Thailand travel info


220 volts, 50Hz. Both flat and round two-pin plugs are used.


Thai is the official language, but English is widely spoken in tourist areas.


The unit of currency is the Baht (THB). Currency can be exchanged at the airport, banks, hotels, and bureaux de change. Banks are open Monday to Friday. ATMs are available in most cities and tourist resorts, but there is a surcharge for each withdrawal. Most major credit cards are accepted at hotels and larger businesses, and although Apple Pay is not active in Thailand, Gpay can be used in larger establishments, but cash is still king at most places in Thailand.


Tipping is becoming more common in places frequented by tourists. If a service charge is not included in a restaurant bill, customers should add 10 to 15 percent as a tip. Porters and hotel staff will expect a tip; taxi drivers generally won't.


There is no risk of malaria in major tourist resorts or in the cities of Bangkok, Chiang Mai, Chiang Rai, Pattaya, Ko Samui, and Ko Phangan, but preventions against malaria are recommended in rural and forested areas that border Myanmar, Cambodia, and Laos. Immunisation against hepatitis A, hepatitis B and typhoid fever is also advised; yellow fever vaccination certificates are required for travellers from infected areas. Rabid dogs are fairly common, so travellers should consider rabies vaccination before visiting. Avoid contact with stray dogs and monkeys. If bitten, seek immediate medical attention.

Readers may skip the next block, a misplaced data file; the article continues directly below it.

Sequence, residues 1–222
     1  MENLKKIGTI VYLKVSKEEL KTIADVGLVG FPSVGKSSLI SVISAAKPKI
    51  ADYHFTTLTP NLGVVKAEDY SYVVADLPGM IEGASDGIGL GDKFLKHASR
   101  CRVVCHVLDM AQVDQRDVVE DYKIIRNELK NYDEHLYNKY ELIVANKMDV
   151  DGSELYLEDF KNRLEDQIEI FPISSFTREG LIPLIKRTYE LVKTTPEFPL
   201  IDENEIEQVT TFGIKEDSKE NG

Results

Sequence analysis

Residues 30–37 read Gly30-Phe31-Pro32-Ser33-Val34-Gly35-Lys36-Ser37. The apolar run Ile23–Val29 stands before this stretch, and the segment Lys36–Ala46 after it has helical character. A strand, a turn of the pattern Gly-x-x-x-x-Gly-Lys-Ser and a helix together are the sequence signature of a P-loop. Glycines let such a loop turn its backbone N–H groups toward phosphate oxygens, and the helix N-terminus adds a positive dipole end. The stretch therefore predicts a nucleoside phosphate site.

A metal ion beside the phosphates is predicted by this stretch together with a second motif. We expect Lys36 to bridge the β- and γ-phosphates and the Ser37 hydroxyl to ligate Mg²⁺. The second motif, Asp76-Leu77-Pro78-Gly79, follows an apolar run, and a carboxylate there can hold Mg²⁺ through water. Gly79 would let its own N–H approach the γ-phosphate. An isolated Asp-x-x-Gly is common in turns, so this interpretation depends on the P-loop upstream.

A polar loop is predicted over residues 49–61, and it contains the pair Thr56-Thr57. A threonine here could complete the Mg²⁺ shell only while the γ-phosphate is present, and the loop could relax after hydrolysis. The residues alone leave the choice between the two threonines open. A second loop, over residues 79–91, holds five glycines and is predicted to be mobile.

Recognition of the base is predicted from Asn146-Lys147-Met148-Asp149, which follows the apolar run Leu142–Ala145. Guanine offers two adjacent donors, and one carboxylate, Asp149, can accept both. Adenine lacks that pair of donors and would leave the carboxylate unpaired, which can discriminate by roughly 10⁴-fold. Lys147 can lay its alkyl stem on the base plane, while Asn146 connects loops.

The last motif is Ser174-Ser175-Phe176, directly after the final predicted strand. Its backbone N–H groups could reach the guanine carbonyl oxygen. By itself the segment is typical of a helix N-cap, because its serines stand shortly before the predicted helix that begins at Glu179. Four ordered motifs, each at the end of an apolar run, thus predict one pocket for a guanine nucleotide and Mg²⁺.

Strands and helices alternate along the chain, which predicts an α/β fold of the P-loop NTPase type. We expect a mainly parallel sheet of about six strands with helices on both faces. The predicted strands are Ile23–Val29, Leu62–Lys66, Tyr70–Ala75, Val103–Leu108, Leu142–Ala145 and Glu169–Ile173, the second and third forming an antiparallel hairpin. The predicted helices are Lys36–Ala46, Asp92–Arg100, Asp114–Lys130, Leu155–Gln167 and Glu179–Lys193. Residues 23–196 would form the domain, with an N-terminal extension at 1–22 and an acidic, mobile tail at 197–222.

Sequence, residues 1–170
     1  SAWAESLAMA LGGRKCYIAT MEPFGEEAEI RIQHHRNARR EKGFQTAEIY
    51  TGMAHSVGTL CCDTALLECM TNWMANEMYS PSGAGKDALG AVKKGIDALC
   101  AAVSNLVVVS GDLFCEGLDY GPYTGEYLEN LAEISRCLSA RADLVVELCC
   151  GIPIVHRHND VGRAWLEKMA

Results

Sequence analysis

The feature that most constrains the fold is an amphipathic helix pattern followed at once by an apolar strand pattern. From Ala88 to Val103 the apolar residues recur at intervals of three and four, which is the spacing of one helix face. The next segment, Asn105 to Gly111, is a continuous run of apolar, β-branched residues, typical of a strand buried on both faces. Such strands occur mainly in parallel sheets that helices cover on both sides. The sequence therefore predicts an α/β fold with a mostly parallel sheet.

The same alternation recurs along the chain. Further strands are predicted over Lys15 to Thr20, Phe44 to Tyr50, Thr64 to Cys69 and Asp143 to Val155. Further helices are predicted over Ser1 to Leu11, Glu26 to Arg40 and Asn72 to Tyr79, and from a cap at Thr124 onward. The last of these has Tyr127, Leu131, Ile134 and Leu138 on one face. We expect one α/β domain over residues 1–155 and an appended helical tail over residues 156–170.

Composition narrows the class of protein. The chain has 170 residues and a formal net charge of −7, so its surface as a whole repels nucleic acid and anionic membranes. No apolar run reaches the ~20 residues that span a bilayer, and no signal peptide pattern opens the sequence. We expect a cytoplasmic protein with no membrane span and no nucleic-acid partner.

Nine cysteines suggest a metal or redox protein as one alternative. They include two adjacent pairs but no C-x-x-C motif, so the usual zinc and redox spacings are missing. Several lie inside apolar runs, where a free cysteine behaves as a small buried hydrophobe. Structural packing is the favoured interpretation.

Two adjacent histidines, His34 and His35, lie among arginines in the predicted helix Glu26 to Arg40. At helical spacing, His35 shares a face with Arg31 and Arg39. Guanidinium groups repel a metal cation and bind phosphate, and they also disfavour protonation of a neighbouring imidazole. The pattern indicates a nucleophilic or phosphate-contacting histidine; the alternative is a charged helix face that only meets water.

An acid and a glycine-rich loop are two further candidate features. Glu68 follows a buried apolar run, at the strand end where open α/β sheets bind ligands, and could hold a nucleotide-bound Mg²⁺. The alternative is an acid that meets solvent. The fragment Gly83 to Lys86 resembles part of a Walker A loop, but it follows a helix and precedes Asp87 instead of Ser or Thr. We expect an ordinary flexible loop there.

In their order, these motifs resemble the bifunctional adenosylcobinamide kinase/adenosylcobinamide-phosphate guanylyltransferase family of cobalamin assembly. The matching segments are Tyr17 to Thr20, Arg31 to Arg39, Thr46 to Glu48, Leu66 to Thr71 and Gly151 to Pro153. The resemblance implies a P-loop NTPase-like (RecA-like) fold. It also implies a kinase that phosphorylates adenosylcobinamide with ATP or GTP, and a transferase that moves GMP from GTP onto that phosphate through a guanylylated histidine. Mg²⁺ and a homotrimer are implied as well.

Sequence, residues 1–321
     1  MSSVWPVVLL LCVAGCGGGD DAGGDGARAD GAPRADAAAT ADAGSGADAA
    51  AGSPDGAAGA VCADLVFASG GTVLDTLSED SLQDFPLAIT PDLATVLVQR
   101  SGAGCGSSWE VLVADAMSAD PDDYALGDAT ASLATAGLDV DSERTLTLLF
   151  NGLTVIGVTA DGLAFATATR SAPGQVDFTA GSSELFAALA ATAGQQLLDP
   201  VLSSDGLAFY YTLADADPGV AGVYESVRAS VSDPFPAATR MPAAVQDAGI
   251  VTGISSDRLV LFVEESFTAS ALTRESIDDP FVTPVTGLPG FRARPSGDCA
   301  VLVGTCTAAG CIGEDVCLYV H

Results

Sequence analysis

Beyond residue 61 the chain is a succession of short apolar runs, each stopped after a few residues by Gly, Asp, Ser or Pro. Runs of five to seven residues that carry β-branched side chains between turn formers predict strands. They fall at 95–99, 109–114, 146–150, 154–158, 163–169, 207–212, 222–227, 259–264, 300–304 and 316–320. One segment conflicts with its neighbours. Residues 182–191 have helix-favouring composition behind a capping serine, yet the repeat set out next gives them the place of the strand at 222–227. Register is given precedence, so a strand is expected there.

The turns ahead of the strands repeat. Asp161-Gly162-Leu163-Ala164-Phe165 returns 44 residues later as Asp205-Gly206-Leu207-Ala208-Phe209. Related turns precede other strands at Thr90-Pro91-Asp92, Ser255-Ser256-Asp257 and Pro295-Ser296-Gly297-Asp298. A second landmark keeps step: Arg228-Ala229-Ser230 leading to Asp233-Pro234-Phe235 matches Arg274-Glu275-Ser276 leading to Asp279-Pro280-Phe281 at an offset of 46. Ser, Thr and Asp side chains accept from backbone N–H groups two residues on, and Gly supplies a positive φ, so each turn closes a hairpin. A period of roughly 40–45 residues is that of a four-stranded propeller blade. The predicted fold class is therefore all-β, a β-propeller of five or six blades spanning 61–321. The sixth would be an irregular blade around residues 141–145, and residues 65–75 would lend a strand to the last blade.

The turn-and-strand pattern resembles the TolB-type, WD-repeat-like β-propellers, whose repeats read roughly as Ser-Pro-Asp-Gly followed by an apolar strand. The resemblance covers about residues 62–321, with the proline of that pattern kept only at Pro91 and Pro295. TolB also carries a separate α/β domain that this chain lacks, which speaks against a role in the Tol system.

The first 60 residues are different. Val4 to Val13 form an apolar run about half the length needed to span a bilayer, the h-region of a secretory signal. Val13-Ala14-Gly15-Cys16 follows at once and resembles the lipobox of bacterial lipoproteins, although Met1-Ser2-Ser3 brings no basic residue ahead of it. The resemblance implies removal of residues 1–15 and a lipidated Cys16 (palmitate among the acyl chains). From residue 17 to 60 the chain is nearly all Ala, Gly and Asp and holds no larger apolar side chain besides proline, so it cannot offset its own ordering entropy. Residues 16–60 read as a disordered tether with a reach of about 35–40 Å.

There has been an increase in reported cases of dengue fever, particularly in the south, and Japanese encephalitis is a risk although vaccination is not normally recommended. Outbreaks of leptospirosis occur during the rainy season and after flooding. Travellers should drink bottled water and avoid ice in drinks, and seek immediate medical attention if they suffer from diarrhoea during their visit. The main risks of travel to Thailand include road traffic and other accidents, contaminated food and water, and sexually transmitted diseases. Medical facilities are good in major cities and popular tourist areas, but good medical insurance is strongly advised.


Though most visits to Thailand are trouble-free, tourists should avoid all political gatherings and marches, and stay well informed about the political situation in the country before and during their stay.